usage: [-h] [--start i] [--end j] [--window n] [--smooth n] [--threshold level] [--spacing d] [--color {same,solid,time}]
                 [--nolines] [--animate] [--ave file] [--var file] [--out file] [--vidout file_pat] [--verbose n]

This program displays the flight paths of bees exiting and entering a hive by analyzing
a sequence of video image frames.  It can combine the video frame images to make a single
images showing lines tracking each bee, and it can make a copy of the video frames with
lines added that trace the bee flight paths.

positional arguments:
  image_pattern         File name pattern for input images.

optional arguments:
  -h, --help            show this help message and exit
  --start i             First image frame file suffix number. Default 1.
  --end j               Last image frame file suffix number. Default 60.
  --window n            Number of frames in moving average for background image. Default 61.
  --smooth n            
                        Difference images (image minus average image) are smoothed where
                        each smoothing step sums adds to each pixel 1/4 times the four closest
                        neighbor pixels and divides by 2. Default 8.
  --threshold level     
                        Minimum color variation from background for detection.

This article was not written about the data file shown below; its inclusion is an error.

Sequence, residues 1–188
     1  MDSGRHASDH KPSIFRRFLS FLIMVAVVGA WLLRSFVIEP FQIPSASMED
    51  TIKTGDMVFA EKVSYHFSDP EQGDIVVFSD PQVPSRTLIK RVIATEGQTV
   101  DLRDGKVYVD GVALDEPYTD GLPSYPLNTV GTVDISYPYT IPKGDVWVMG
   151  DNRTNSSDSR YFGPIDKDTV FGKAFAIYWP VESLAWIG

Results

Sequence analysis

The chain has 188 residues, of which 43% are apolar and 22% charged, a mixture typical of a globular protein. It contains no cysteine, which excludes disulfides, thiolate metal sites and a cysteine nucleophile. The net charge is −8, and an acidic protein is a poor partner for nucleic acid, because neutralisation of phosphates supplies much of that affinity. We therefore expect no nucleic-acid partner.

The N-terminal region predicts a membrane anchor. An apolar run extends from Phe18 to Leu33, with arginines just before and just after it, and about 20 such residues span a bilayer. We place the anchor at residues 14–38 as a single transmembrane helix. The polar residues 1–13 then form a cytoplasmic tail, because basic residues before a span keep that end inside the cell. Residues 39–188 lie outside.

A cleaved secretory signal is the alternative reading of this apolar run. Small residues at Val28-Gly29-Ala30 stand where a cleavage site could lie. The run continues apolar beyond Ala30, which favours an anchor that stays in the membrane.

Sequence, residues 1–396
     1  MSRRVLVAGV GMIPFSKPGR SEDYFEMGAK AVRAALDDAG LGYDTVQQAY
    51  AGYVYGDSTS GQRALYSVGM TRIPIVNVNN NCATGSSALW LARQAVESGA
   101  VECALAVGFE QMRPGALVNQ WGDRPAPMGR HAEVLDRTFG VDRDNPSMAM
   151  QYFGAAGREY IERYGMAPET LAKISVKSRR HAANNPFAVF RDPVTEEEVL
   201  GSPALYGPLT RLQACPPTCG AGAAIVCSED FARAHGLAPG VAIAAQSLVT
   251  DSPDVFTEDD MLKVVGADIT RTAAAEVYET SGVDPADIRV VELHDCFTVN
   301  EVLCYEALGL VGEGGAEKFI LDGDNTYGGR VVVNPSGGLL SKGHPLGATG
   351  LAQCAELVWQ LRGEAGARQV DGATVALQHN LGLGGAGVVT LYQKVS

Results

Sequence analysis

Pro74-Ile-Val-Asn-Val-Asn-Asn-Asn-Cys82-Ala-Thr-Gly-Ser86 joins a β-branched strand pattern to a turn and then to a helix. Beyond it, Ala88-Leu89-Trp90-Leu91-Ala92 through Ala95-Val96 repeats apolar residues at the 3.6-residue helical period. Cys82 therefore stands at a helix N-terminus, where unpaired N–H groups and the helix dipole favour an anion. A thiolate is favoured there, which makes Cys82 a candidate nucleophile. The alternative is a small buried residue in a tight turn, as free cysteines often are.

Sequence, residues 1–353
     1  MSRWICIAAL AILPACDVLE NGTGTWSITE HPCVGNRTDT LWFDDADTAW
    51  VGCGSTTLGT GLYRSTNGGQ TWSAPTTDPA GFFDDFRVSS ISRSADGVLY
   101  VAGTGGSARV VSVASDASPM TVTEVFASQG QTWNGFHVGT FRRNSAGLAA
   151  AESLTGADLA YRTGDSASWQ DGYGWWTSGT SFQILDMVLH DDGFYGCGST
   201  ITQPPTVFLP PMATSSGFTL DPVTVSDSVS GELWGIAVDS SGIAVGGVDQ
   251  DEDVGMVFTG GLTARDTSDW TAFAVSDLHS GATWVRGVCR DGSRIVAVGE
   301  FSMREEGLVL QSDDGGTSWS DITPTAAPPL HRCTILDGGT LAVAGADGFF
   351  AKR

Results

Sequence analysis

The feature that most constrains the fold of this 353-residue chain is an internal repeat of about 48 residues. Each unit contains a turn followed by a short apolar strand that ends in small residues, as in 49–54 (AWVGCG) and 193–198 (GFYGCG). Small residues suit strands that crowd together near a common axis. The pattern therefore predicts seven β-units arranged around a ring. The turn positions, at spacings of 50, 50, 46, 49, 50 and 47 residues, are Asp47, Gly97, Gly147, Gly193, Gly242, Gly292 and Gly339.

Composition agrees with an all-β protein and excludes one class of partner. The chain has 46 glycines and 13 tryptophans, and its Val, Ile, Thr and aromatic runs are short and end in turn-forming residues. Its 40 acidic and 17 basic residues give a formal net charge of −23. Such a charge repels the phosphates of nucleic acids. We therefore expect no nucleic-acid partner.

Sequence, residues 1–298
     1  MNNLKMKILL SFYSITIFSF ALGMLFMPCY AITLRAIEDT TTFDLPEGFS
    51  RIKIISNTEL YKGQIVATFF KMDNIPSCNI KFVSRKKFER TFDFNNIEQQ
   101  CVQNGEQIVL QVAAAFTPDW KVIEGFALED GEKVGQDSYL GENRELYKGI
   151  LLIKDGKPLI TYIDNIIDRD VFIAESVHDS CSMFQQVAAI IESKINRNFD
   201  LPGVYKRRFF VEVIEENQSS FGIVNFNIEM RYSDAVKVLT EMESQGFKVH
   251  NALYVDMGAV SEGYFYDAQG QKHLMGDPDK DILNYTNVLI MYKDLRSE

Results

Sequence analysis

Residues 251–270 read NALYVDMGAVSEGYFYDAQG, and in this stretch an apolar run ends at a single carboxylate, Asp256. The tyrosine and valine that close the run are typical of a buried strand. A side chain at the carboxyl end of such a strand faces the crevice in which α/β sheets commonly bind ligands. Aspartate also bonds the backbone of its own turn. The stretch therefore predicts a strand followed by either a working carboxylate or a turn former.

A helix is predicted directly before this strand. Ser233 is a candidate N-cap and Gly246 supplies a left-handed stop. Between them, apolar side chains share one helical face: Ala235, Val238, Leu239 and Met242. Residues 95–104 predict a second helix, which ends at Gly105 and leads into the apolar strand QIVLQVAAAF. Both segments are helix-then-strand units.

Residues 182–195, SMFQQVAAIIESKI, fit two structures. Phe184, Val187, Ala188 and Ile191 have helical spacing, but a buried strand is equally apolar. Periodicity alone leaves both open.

Variation is sqrt(r*r + g*g + b*b) where r,g,b = color difference.
                        Color component range is usually 0-255. Default 10.0.
  --spacing d           
                        Minimum number of pixels between detected maxima in difference images.
                        A maximum position is removed if some higher maximum is closer
                        than this number of pixels. Default 12.0.
  --color {same,solid,time}
                        How the color is chosen for coloring spots on the images where
                        variation is above the threshold.  Choices are "same", "solid", or "time".
                        Solid colors high variation pixels red.  Time colors
                        pixels by the frame number where highest variation
                        was seen proceeding from first to last frame using rainbow colors
                        red, orange, yellow, green, cyan, blue.  Same means colors
                        the spot using the color from the image having largest variation from average.
                        This superimposes the bees from all frames in one image. Default same.